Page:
Drew: We’ve talked a lot about the five year rule here at Retcon Punch, and while we certainly have our gripes with how it affects continuity, I think we all understand why they did it. Giving every character some past allows them to maintain certain aspects of their pre-relaunch history, but does so without committing to anything specific. This gives writers a great deal of flexibility, without shutting the door for any future writes. Having a mysterious past also allows writers to pull out unknown details to add emotional weight to the proceedings. Doing this runs the risk of coming off as clumsy or cheap, but in Justice League 13, Geoff Johns provides an excellent case study in how to pull it off. Continue reading
Drew: One of the things that keeps me coming back to this title is the diversity of its cast. They aren’t necessarily the most deeply drawn characters, but their personalities rub against each other in interesting ways. More importantly, those conflicts were set as the centerpiece of this title, a rarity in the largely mythology-driven Green Lantern group. After the fracturing of its core team, and a series of half-hearted crossovers, this title was in danger of losing that distinct voice, and becoming another cog in the Green Lantern machine (not that it’s a bad machine, but I think this title is strong enough to stand independently of whatever plotting is tying the rest of the GL universe together). I was heartened, then, to see the team back together in this issue, refocusing on their shared goals. Continue reading
Patrick: Last stands are interesting. Planet-wide last stands are fascinating. Basically any science fiction alien-invasion story comes down to Earth’s last heroes staging a nearly-impossible attack against the alien aggressors and winning. I mean, you can’t end your story with the world ending – that’s like the definition of a bad ending. But the Green Lantern universe is so rich with worlds that when one of them is in danger, there’s a genuine possibility that that world could end. So when the Reach set their sights on Odym, there was no guarantee of any specific outcome. Dramatically, anything is possible. Continue reading
Drew: Last month, Patrick and I expressed our apprehensions about folding this title into the greater Green Lantern mythology playing out in the other GL titles. Character dynamics and breezy fun have been the biggest strengths of this book, and the thought of getting bogged down in universe-spanning details could potentially obscure both of those. It’s a surprise, then, that writer Tony Bedard managed to turn those mythological details into telling character moments. In glimpsing how our characters interact with their own corps, we see how their world views may have shifted in the wake of their first team-up. That’s a very corny-sounding lesson, but Bedard manages not only to make those moments feel earned, but deliver them with the same kind of fun we’ve come to expect of this title. Continue reading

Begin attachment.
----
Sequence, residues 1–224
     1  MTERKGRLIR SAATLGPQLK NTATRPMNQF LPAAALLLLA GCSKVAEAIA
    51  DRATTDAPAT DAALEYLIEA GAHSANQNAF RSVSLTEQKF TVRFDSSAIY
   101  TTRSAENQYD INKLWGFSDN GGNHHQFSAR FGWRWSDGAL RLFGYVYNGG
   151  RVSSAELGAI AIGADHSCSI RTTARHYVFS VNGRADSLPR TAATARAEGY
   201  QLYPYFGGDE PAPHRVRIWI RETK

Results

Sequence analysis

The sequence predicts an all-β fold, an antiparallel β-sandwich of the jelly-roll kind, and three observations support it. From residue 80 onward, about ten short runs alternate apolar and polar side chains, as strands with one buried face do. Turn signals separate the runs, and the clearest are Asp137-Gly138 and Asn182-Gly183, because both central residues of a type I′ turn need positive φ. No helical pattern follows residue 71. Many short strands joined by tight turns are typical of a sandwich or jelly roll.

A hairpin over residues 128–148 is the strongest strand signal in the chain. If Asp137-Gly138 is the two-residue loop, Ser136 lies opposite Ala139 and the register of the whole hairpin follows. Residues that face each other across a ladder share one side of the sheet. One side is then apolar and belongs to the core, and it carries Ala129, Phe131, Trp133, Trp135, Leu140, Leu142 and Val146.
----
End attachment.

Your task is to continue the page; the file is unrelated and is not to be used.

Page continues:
Patrick: After seven months of telling a fairly insulted story about a band of emotional misfits zooming across the galaxy, Green Lantern: New Guardians has to remind us that these characters don’t really work for the same team. They serve seven different masters, and most of that leadership is in various states of decay. So there are a thousand different motivating factors at play, and writer Tony Bedard handles what could be an incredibly complicated issue with aplomb.
Patrick: There are an awful lot of impossibly powerful creatures in the DC Universe. When you take the game out into the depths of space, that number rises exponentially. That’s when you start to encounter beings that refer to themselves as gods and angels. Thus the question is frequently posed: “How do you stop an unstoppable force?” Invariably, the answer is “together” – the combined strength of our heroes will save the day. But New Guardians 7 takes that “together” answer literally, making the group’s unity their ultimate weapon.
Today, Drew and Patrick are discussing Green Lantern: New Guardians, originally released September 28th, 2011, October 26th, 2011, November 23rd, 2011, December 28th 2011, January 25th 2012, and February 22nd, 2012.
Drew: Creatively, the concept of the Green Lantern Corps is a tricky thing for DC to deal with. On the one hand, the density and vastness of literally an entire universe’s worth of mythology and intergalactic police stories is the perfect setting for the kinds of expansive, sprawling stories comics are so well-suited for. On the other hand, that same density and vastness makes the title incredibly impenetrable to newcomers, which lowers their crossover appeal. Characters like Batman and Spider-Man can make the pop-culture leap into movies and television precisely because their mythologies can be so easily summarized. The reasons comics fans like Green Lantern are the same reasons that make a film adaptation so impossible (or at least ill-advised). Continue reading